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Justice tough to find for Chinese who got HIV/AIDS through tainted blood

Tian Xi is among 1 million Chinese infected by transfusions at government-run hospitals. One million more were infected donating blood. The government has yet to apologize or investigate the coverup.

November 27, 2010|By Barbara Demick

Reporting from Xincai, China — It was just a small bump on the head, the result of one boy pushing another against a desk. It was such an unremarkable occurrence in a third-grade classroom that it should have been forgotten a day later, buried in the recesses of childhood memory.

Who could have imagined that it would dictate the course of Tian Xi's life and of those around him?

After the incident, the 9-year-old was sent home from school to rest. That night he threw up, so his mother took him to Xincai People's Hospital No. 1, where a young doctor fresh out of medical school diagnosed a mild concussion and recommended a transfusion for a quicker recovery.

His parents collected their savings, the equivalent of six months' salary, to buy four bags of blood. They didn't want their son, a top student who they were sure would be the first in their family to attend a university, to miss too much school.

It was April 1996, and few people in this small city in Henan province had ever heard of HIV/AIDS.

Now 23 years old and weighing only 112 pounds — the result of the early stages of AIDS — Tian is confined to a detention center in Henan province. He is charged with storming uninvited into the offices of the director of the hospital where he was infected with human immunodeficiency virus and sweeping everything off the top of the desk with his arm. A fax machine, computer and water cooler were broken in the Aug. 2 incident. He is to be sentenced soon.

"He just wanted to sit down and talk about what happened to him because of a mistake made by the hospital," said his father, Tian Demin, 53, sitting on a squat metal stool in the single room where he and his wife live off a back alley — the rest of their house has been rented out to raise money for their ailing son.

The room, with tile flooring and a ceiling fan, looks less like a home than a law office stuffed with legal papers, medical reports and many dog-eared petitions that their son has written imploring various government officials for help.

Tian Xi is one of perhaps 1 million Chinese infected with HIV, the virus that causes AIDS, as a result of blood transfusions at government-run hospitals. About 1 million more people were infected through the process of donating blood. Although the cases date back to the 1990s, the Chinese government has yet to offer an apology or investigate a massive coverup that allowed the disease to spread exponentially after it was well known that the blood supply was tainted.

Besides free retroviral drugs, victims have received almost no compensation. When they've tried to file lawsuits, courts have in most cases either rejected their claims or refused to accept the cases. As a result, victims usually petition officials — an archaic system dating back to imperial times in which the aggrieved would travel to the capital to implore the emperor for help.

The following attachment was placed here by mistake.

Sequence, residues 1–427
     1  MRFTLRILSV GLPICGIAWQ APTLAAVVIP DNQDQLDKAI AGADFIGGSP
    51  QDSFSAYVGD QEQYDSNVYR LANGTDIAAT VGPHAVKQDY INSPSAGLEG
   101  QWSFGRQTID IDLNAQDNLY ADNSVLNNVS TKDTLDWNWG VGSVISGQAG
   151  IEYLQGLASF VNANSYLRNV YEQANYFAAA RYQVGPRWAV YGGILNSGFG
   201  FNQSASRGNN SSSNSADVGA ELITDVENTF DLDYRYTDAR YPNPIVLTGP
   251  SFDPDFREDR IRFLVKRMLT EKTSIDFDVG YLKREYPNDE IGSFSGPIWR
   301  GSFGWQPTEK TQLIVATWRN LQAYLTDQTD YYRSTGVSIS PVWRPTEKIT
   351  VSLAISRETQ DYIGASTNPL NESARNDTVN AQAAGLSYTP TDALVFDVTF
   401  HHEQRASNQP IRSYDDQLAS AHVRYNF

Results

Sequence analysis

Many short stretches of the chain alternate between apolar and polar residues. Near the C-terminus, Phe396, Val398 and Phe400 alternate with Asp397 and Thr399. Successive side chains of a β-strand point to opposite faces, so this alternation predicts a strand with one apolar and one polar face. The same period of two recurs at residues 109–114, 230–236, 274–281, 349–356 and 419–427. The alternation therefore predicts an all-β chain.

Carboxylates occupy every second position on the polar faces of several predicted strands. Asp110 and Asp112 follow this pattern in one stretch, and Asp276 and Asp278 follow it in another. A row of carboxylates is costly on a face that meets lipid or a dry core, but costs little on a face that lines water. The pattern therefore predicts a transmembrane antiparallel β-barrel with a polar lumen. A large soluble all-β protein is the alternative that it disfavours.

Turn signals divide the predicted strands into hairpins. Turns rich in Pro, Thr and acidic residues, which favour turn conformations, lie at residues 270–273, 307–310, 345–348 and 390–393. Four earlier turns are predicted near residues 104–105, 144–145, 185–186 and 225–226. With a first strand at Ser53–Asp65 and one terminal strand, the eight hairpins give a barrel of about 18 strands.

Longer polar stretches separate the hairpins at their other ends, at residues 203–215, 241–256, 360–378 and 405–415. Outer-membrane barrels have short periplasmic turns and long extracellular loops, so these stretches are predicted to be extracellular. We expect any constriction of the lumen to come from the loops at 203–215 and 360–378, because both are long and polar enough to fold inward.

"It's the worst way of handling things," says Li Xige, 42, a former post office employee from a nearby town in Henan province who received tainted blood during a caesarean section in 1995. The girl she gave birth to died at age 8. She and a younger daughter are sick with AIDS.

Li did get compensation eventually (she is prohibited from disclosing the amount), but only after repeated petitions to President Hu Jintao and Premier Wen Jiabao, a stint in prison, another under house arrest and suicide threats.

"If you don't fight, you'll get nothing," Li said. "It would be better for the government to come up with a plan for all us who are sick or who lost children."

China's handling of AIDS patients is a case study of a dysfunctional legal system in which victims have no other recourse but to take the fight for justice into their own hands — a lonely, embittered struggle that often puts them and their defenders on the wrong side of Chinese law.

If anything, the political space for AIDS activism has shrunk. Hu Jia, one the best-known AIDS activists, is serving a 3½-year sentence for "inciting subversion of state power." His wife announced this month that she was closing the charity he'd founded because of constant harassment by police and tax authorities. Several prominent AIDS activists have fled to the United States.

"Ten years ago, we still could research AIDS; now it is extremely difficult," said Wan Yanhai, a former public health official and head of a nongovernmental organization who fled in May and now lives in Washington. He believes the heightened sensitivity is because two out of the nine members of the Politburo Standing Committee, Li Changchun and Li Keqiang, served as Communist Party secretaries in Henan province, the epicenter of the scandal.

"These are extremely powerful people who could be held responsible for the blood scandal," Wan said. "That's why so many of us have had to leave China."

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